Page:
The servicemember must decide when to submit the statement. Although not common, commands have been known to prepare unsatisfactory evaluations of members after they are known, or suspected to be, gay. Therefore, the member might wait until the current evaluation period is over and the evaluation or fitness report has been completed. If the command is currently undertaking an investigation of other members, it may be best to wait until the investigation is over.
The member may wish to submit the request earlier if the member is:
- still in entry level status;
- particularly anxious;
- experiencing harassment.
Pressuring an Unresponsive Command
Generally, a statement is sufficient to trigger discharge proceedings. If the member’s commander does not seem to be acting on the statement, a first step can be to communicate directly with the separation authority.
Skeptical commands may need to be provided with further documentation but, regardless of what command representatives may say, there are virtually no circumstances under which it is advisable to provide evidence of homosexual acts. Instead, members should provide information about their life or lifestyle, such as documentation that they belong to gay religious or political groups, subscribe to gay periodicals, attend PFLAG meetings with their parents, statements where members describe their appreciation of gay culture, the emotional experience of recognizing and appreciating that they are gay, etc.
In some cases, members may ask friends, family members, ministers, or others to write statements about their sexual orientation. It is important for counselors to review any letter before it is submitted to the command to ensure that letter writers do not include information about sexual activity. Because command inquiries may involve attempts to interview these people, any letter writer must be reminded not to talk with military officials about sexual acts.
Members can also submit a letter from a civilian psychologist or doctor stating that the medical professional has had discussions with the member and that the member is indeed gay. Providing such a letter can prevent the military from investigating whether the member was lying in order to get out. Some servicemembers prefer to avoid doctors’ letters, which may seem to imply that homosexuality is a medical issue. Where statements from doctors or therapists are used, they can point out that homosexuality is not an illness. As with other letters, these must avoid references to homosexual acts. (Although Military Rule of Evidence 513 now recognizes psychotherapist-patient privilege, it is still important that the servicemember not authorize disclosure of unwanted evidence.)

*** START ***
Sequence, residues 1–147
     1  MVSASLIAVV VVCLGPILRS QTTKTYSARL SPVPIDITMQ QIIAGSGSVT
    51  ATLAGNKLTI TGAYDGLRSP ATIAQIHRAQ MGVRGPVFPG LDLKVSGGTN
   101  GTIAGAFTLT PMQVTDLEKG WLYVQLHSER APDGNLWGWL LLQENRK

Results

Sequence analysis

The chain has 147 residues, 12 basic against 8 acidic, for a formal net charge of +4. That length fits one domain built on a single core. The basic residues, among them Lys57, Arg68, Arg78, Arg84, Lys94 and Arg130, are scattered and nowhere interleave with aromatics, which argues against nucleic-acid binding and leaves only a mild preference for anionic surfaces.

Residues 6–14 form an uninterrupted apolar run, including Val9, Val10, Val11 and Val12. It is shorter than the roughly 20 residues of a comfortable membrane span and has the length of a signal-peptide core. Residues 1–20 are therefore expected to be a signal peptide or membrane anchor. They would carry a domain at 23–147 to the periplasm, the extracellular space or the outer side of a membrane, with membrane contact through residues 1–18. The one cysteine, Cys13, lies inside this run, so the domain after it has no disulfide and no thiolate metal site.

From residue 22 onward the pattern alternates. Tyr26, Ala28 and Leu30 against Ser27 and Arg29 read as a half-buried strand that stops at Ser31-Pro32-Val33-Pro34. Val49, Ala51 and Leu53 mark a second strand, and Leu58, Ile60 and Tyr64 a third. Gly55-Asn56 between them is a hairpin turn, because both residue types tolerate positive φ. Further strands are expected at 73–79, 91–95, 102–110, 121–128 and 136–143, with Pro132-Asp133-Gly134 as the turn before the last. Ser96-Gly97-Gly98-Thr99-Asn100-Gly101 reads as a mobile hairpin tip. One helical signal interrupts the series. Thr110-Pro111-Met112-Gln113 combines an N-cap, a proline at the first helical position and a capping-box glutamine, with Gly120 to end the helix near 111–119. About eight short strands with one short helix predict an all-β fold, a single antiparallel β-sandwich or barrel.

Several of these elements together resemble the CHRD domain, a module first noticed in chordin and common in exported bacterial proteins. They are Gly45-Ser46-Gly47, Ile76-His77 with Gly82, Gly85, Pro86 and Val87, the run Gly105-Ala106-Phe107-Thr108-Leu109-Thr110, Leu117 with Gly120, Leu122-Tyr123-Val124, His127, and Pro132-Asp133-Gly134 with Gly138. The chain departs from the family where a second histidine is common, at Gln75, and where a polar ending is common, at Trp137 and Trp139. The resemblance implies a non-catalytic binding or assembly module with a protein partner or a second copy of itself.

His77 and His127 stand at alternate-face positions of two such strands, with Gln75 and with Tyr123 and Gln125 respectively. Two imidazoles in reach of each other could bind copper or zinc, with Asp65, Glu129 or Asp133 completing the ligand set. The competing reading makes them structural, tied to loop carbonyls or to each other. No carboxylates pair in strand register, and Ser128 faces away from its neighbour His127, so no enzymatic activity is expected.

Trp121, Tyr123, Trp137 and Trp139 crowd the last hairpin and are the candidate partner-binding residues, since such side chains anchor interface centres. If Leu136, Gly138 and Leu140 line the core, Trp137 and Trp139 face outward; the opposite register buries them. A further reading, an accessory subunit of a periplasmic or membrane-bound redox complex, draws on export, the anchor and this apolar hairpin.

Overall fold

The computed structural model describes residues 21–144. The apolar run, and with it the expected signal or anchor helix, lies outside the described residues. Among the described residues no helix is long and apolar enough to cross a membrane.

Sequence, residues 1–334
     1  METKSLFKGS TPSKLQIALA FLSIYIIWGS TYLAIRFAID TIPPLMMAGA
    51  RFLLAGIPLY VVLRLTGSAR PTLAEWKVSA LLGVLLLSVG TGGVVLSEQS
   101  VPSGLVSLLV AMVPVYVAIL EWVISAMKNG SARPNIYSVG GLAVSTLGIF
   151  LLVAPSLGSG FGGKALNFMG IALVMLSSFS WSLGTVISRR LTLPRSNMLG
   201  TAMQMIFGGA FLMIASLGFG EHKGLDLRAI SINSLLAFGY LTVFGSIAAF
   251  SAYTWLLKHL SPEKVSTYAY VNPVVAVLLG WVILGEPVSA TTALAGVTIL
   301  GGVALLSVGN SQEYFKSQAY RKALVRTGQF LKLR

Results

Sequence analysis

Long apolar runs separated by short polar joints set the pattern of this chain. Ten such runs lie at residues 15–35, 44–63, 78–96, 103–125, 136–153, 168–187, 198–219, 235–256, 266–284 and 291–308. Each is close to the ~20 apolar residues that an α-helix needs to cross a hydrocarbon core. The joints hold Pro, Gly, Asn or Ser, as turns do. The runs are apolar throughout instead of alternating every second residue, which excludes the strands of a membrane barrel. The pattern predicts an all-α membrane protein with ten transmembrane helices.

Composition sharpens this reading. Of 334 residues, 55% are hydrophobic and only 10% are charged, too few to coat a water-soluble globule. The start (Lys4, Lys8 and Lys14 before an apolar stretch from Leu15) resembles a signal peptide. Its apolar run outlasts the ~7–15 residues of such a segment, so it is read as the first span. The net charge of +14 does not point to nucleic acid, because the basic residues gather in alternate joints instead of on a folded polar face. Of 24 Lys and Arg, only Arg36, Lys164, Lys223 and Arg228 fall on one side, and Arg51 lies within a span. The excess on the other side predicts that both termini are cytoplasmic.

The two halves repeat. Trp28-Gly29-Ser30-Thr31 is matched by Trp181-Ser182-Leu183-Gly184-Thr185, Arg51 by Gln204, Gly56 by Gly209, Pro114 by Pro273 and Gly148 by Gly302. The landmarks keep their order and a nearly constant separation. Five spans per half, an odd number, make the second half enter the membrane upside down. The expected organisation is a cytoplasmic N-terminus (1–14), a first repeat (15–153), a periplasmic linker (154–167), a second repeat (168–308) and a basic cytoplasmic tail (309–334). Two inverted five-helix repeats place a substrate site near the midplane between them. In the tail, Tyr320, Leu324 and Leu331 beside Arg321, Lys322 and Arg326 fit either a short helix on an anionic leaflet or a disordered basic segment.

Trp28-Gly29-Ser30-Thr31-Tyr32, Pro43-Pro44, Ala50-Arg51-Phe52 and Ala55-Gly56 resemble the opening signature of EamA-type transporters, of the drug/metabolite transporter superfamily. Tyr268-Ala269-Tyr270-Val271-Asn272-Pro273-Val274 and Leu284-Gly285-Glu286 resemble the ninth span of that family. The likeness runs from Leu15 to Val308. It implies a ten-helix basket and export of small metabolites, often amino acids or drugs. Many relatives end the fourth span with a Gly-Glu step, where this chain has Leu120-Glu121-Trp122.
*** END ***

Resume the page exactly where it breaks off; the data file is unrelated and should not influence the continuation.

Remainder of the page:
Type of Separation
In most cases in which the sole basis for discharge is homosexual conduct, even those involving homosexual acts, the characterization of service should be Honorable, General (under Honorable Conditions), or an Entry Level Separation. However, many cases have misconduct issues other than homosexual acts associated with them and these issues can result in a characterization of service of Under Other Than Honorable Conditions (OTH). If a member is discharged on the basis of homosexual conduct, that reason will be noted on the discharge document and that information may stigmatize the veteran (and possibly limit employment opportunities) in the future. A characterization of Under Other Than Honorable Conditions (OTH) will result only if the military finds that, during the current enlistment, the member attempted, solicited, or committed a homosexual act under aggravating circumstances.
Some commands may prosecute members for sexual acts, resulting in a punitive discharge as part of a court-martial sentence or a characterization of OTH as part of a discharge in lieu of court-martial. Commands may also dual process a member for misconduct.